• Fraser Harper

AI and Jobs of the Future – what is the problem?

What does the future hold for jobs? What are the ones seen to be emerging over the next 10 years? Two studies have attempted to answer this question, and the results of them are listed in the table below1,2. It is difficult (to say the least) to predict the future and to trace through a specific technology and estimate how it will change what we do at work each day, and how the accumulation of changes will create new jobs and potentially occupations3.

Table 1: 21 Jobs of the Future: A Guide to Getting – and Staying – Employed for the Next 10 Years1

Jobs by Tech-CentricityLow to Mid Tech Walker/Talker* Digital Tailor* Fitness Commitment Counsellor* Personal Memory Curator Virtual Store Sherpa Ethical Sourcing Manager* Highway Controller AI Business Development Manager* Man-Machine Teaming Manager* Bring Your Own IT Facilitator* Personal Data Broker Mid-to-High-Tech Genomic Portfolio Director* Financial Wellness Coach* Chief Trust Officer* Data Detective* Cyber City Analyst* AI-Assisted Healthcare Technician* Genetic Diversity Officer Augmented Reality Journey Builder Master of Edge Computing* Quantum Machine Learning Analyst*

Notes: Those jobs marked with an * are suggested by the study to exist within the next five years

Table 2: Representative Roles Created by AI2TrainersCustomer-language tone and meaning trainer Smart-machine interaction modeler Worldview trainerExplainersContext designer Transparency analyst AI usefulness strategistSustainersAutomation ethicist Automation economist Machine relations manager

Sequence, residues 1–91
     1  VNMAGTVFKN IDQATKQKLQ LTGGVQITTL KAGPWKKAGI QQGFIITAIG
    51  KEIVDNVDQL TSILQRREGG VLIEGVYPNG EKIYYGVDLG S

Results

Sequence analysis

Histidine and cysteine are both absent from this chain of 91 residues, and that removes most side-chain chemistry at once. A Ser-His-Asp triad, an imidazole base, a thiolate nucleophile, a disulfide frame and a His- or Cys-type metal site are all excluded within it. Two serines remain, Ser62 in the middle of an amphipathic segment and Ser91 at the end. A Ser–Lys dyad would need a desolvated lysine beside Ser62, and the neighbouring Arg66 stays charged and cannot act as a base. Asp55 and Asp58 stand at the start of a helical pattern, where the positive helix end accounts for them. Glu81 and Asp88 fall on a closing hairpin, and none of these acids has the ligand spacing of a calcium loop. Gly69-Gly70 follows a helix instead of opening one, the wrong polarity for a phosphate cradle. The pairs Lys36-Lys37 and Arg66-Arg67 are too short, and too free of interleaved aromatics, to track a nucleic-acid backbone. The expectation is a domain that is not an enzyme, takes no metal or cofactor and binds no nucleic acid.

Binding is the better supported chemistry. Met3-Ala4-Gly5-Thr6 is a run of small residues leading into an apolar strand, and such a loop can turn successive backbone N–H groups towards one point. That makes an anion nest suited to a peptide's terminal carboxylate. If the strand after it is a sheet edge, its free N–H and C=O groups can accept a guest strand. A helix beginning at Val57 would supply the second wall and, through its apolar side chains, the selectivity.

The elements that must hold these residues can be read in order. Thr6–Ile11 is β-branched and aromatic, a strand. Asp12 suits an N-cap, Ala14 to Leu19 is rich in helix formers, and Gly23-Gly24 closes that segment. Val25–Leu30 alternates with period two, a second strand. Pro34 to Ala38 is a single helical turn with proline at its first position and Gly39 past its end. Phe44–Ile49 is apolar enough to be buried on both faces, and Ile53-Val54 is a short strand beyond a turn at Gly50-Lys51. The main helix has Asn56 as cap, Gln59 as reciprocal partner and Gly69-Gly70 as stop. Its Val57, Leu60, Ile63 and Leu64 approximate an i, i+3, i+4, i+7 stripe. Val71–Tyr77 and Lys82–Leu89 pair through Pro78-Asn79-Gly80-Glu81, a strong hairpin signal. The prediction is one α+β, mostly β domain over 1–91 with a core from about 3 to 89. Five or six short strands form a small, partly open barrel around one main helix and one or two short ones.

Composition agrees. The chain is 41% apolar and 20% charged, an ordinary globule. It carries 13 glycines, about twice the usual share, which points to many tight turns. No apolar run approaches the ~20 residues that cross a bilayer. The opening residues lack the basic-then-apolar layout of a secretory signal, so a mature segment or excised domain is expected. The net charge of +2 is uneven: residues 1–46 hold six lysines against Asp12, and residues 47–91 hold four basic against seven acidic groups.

Now these jobs might or might not exist within 5-10 years, but what is reassuring is that it is possible to view their content and see the links back to current ones. If we just take one of the jobs listed, that of the Data Detective4, we find the following seven items listed under ‘Skills and Qualifications’:

  1. Experience in law enforcement, ideally investigative work

  2. Legal background, either as a trained lawyer, barrister or paralegal

  3. Training or academic qualifications in data science and data science technologies

  4. Knowledge and expertise in civilian data science reporting tools

  5. Qualifications in maths and/or general science (e.g. physics)

  6. Qualifications in any branch of finance and management accounting

  7. A degree in maths, a physical science, philosophy, economics, law or accountancy

One picture which emerges from this list is that the Data Detective job is a hybrid one which brings together legal, data science (maths and statistics), and financial with an ability to synthesise and communicate. The challenge is how to create the education, training and experience development path to be exposed, acquire and master a wide range of skills and knowledge.

And so, AI does pose a potential problem but the real challenge is how do we create development paths which augment and further enhance the skills we already have.


  1. Cognizant’s Centre for the Future of Work (2017) 21 Jobs of the Future: A Guide to Getting – and Staying – Employed for the Next 10 years. Cognizant. 60 pages

  2. Wilson, H.J.; Daugherty, P.R. and Morini-Bianzino, N. (2017) “The jobs that artificial intelligence will create”, MIT Sloan Management Review, 58 (4), 14-16

  3. Davenport, T.H. (2017) The AI Advantage. How to put the artificial intelligence revolution to work. MIT Press, Cambridge, Mass. 231 pages. See Chapter Six, Jobs and skills in a world of smart machines, pages 129-148.

  4. 21 Jobs of the Future, op. cit., pages 8-9

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